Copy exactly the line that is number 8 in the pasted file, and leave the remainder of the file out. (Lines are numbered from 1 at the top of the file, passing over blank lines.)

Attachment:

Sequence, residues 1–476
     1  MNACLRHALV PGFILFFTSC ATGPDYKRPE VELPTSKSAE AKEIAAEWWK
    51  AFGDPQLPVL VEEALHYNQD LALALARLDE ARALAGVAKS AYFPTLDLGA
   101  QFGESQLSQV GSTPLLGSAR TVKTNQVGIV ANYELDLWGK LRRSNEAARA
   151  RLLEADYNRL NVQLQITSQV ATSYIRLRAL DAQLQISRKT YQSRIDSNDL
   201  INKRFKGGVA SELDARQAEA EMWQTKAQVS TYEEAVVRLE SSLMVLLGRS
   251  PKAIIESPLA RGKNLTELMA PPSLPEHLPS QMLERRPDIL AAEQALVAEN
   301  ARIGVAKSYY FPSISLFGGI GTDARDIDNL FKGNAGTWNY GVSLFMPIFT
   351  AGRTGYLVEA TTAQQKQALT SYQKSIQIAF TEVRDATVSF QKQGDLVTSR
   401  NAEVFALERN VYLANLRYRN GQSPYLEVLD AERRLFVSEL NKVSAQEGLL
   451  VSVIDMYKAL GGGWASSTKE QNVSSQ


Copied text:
   301  ARIGVAKSYY FPSISLFGGI GTDARDIDNL FKGNAGTWNY GVSLFMPIFT